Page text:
Although Mozart was himself a fine violinist, his five violin
concertos, dashed off in a record eight month span in 1775, were
most likely written for Antonio Brunetti, a virtuoso in the court
orchestra of the Archbishop of Salzburg. Given that Mozart detested
both men it is no wonder that he never composed another violin
concerto thereafter. They are perfectly crafted and tuneful and
even poignant in the slow movements, but they do not hold a candle
to the magnificent body of concertos for the piano that Mozart
composed throughout his life for his own able use.
Sinfonia Concertante, a form that Mozart discovered during
his 1777 visit to Mannheim, is quite the horse of a different color. Mozart composed three such
works if you count the Concerto for Flute and Harp which was
written for a father-daughter pair of wealthy patrons. The
example for violin and viola is without question one of his
finest works, a masterpiece that stands with the late symphonies
and piano concertos and the stunning Clarinet Quintet in its
utter perfection of construction and its magnificent exploitation
of the coloristic possibilities of the two solo instruments.
Classics continue to capitalize on the remarkable talents
of the Brothers Capuçon whose remarkable musicianship has
yet to fail in some two dozen recordings thus far. Violinist
Renaud is featured here in these fine performances of the
first and third violin concertos. Capuçon is noteworthy for
being unafraid to be original. His tone, while always luminous
and full-throated, is not generically sweet. In this he pleasingly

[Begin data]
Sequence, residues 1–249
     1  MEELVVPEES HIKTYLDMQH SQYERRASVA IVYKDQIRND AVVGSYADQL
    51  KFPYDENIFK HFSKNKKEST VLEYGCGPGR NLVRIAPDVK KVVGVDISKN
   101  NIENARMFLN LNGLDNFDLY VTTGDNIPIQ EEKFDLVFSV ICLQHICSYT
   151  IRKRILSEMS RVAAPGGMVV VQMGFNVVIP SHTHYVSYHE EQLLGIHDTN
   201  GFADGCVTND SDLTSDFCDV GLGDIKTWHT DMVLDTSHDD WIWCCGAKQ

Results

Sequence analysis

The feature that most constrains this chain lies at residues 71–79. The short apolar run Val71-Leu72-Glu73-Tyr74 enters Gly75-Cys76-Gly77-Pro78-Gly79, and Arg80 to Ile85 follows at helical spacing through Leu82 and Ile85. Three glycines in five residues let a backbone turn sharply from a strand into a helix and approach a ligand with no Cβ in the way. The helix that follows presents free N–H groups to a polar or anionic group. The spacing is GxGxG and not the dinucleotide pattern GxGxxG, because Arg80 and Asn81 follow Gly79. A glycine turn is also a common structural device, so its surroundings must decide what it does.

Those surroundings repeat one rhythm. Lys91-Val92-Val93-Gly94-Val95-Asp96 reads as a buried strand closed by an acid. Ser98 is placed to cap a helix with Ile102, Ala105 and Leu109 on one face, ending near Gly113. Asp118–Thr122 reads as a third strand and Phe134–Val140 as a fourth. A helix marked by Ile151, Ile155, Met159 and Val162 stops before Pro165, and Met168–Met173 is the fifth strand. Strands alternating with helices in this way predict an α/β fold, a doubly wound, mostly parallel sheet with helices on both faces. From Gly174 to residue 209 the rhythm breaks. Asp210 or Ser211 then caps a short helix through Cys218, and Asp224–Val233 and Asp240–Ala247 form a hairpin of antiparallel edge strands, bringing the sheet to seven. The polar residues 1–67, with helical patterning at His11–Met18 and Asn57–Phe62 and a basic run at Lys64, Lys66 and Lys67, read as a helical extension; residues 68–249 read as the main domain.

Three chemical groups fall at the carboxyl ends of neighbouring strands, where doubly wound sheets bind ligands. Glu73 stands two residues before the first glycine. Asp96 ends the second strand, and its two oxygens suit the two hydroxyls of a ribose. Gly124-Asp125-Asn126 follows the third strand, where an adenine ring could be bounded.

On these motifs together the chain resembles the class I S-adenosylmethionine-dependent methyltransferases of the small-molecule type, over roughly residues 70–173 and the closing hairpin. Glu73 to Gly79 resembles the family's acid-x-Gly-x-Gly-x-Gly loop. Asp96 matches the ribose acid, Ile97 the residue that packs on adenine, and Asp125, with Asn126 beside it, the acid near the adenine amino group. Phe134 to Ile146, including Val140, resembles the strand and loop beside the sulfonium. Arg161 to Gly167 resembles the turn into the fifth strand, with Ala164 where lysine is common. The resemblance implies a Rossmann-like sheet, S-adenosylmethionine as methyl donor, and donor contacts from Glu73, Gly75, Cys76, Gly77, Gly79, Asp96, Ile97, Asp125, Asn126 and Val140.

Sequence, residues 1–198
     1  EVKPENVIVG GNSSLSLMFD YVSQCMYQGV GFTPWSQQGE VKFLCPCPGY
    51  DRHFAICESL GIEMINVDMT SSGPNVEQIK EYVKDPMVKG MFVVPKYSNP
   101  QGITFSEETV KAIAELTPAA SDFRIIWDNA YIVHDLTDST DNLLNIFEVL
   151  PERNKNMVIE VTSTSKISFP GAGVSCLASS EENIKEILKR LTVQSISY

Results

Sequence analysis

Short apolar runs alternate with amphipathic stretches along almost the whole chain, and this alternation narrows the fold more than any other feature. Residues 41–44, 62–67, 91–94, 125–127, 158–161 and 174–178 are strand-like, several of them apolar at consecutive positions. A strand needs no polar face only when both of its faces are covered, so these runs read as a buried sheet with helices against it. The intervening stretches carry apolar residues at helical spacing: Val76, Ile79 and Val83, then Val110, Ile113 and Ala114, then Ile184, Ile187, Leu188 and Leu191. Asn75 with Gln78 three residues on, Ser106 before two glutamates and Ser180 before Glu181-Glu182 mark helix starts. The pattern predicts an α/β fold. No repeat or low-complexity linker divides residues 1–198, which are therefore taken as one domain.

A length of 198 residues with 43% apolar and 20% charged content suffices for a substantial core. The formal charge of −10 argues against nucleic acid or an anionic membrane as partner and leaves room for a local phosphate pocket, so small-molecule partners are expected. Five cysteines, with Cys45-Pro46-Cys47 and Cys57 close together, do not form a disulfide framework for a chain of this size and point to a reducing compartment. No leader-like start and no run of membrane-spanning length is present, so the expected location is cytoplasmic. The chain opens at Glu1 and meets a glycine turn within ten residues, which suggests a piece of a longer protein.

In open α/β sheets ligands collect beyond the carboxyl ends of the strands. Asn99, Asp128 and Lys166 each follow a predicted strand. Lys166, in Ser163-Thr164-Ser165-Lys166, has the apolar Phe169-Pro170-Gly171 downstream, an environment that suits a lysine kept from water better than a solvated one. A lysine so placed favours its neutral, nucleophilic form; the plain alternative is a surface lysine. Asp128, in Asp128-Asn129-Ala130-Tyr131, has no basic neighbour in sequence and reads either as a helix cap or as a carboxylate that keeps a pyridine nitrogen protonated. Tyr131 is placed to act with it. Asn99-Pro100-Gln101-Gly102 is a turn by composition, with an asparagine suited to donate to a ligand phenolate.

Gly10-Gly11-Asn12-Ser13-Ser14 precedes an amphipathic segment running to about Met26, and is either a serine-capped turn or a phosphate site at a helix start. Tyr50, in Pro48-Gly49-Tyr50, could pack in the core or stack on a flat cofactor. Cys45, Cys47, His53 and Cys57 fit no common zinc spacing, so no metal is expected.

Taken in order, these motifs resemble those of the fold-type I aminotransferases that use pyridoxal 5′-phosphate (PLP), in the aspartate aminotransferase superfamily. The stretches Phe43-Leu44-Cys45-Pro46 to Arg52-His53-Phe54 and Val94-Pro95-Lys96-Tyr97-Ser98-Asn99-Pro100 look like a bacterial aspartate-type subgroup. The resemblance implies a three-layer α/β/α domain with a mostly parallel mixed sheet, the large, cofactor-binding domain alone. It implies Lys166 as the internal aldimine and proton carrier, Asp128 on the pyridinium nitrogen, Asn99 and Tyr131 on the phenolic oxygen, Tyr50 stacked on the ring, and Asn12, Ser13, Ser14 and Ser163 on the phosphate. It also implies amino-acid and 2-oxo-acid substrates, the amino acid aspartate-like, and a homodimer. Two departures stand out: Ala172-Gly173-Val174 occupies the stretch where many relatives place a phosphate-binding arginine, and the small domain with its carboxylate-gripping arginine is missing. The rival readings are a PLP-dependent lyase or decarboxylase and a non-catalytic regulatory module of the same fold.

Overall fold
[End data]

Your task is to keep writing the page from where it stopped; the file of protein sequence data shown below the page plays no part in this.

departs from the many cookie-cutter recordings of the standard
repertoire. Indeed he is not afraid to risk a little aggression
from time to time, and that tendency makes these performances
of rather standard-fare concertos most refreshing.
is however in the Sinfonia Concertante, where Capuçon is joined
by an artistic and emotional equal in the person of Antoine
Tamesitt, that the music springs to life. As with the recent
recording involving brother Gautier of the Brahms Double Concerto
the performers have a unity of purpose that is striking. Each
musical gesture is of one accord, as best noted by some stunning
octave work. The middle movement is as gorgeous as Michelangelo’s
David, marked by breathtaking phrasing and a seamless legato.
Round it all off with a joyous presto that brings you to the
edge of your chair and you have one of the outstanding recordings
of the year.
off to youth and a brilliant new generation of performers.
Classical music is a dying art form? Mmmm, I don’t think so.